The State maintains minimum standards for jails and these standards are enforced by the Department of Corrections (DOC). DOC regularly inspects jails for health and safety issues, record keeping and prisoner safety. Additionally, DOC conducts regular training for Jailers and their staff. The Estill County Jail is known as a life safety jail due to its small size and population. Due to this fact the Estill County Jailer is permitted to participate in the training and incentives that are available to jailers that operate full-service jails. Each month the Jailer must file a report with DOC that contains the identity of each prisoner, whether the charge is a felony or misdemeanor, the statute or ordinance that was violated, which governmental unit’s law was violated, whether the prisoner is awaiting trial or has been convicted, the prisoners age and sex and the county responsible for incarceration. A fundamental problem with the manner in which Kentucky runs its county jail system is that the county jails must meet state and federal standards; however, the costs incurred in meeting those standards is born completely by the county.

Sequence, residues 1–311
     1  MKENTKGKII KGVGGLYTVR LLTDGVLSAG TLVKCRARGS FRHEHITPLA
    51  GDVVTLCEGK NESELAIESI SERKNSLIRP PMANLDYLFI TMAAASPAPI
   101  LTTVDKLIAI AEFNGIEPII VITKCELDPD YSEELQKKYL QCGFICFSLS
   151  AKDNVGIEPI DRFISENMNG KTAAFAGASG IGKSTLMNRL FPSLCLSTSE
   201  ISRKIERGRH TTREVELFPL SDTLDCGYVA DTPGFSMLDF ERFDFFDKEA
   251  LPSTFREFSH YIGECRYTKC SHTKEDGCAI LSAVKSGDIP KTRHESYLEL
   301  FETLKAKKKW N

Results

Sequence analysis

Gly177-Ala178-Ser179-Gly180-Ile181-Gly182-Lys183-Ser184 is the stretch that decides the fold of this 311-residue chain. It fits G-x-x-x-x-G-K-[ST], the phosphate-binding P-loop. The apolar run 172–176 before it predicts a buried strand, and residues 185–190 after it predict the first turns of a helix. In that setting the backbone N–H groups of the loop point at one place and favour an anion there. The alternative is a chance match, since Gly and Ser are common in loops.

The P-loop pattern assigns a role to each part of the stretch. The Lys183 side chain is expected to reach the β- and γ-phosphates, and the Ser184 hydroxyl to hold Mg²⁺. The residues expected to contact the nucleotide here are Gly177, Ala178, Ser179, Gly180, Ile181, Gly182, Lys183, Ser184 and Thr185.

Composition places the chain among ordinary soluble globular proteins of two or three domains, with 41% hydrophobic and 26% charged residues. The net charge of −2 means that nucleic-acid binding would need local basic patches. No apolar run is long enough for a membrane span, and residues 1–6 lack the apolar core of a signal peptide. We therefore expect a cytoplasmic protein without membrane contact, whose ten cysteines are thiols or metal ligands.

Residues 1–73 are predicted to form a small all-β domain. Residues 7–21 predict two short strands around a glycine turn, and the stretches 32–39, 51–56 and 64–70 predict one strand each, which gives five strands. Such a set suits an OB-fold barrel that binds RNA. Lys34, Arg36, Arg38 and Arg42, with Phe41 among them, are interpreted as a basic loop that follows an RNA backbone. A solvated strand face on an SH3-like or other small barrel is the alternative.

The Estill County Jail has a staff of nine full-time and three part-time deputies. The jail has an average monthly population of approximately 55 inmates. Of this population approximately 20 inmates are housed in the Estill County Jail. The rest are housed at jails in surrounding counties. At this time no women are housed full time at the Estill County Jail. The jail budget for the last fiscal year was approximately $720,000.00. Due to this significant cost the Fiscal Court and Courts have started a day reporting program that is administered by Westcare of Kentucky. Through this program defendants that would normally be confined in the jail are permitted to report daily to Westcare for substance addiction classes. During the program the participants are administered random drug tests and are required to participate in community service projects. This program has proven effective and has generated considerable cost savings to the Fiscal Court. An interesting article on the costs of incarceration entitled, “What Incarceration Costs Taxpayers” may be found at http://www.vera.org/sites/default/files/resources/downloads/Price_of_Prisons_updated_version_072512.pdf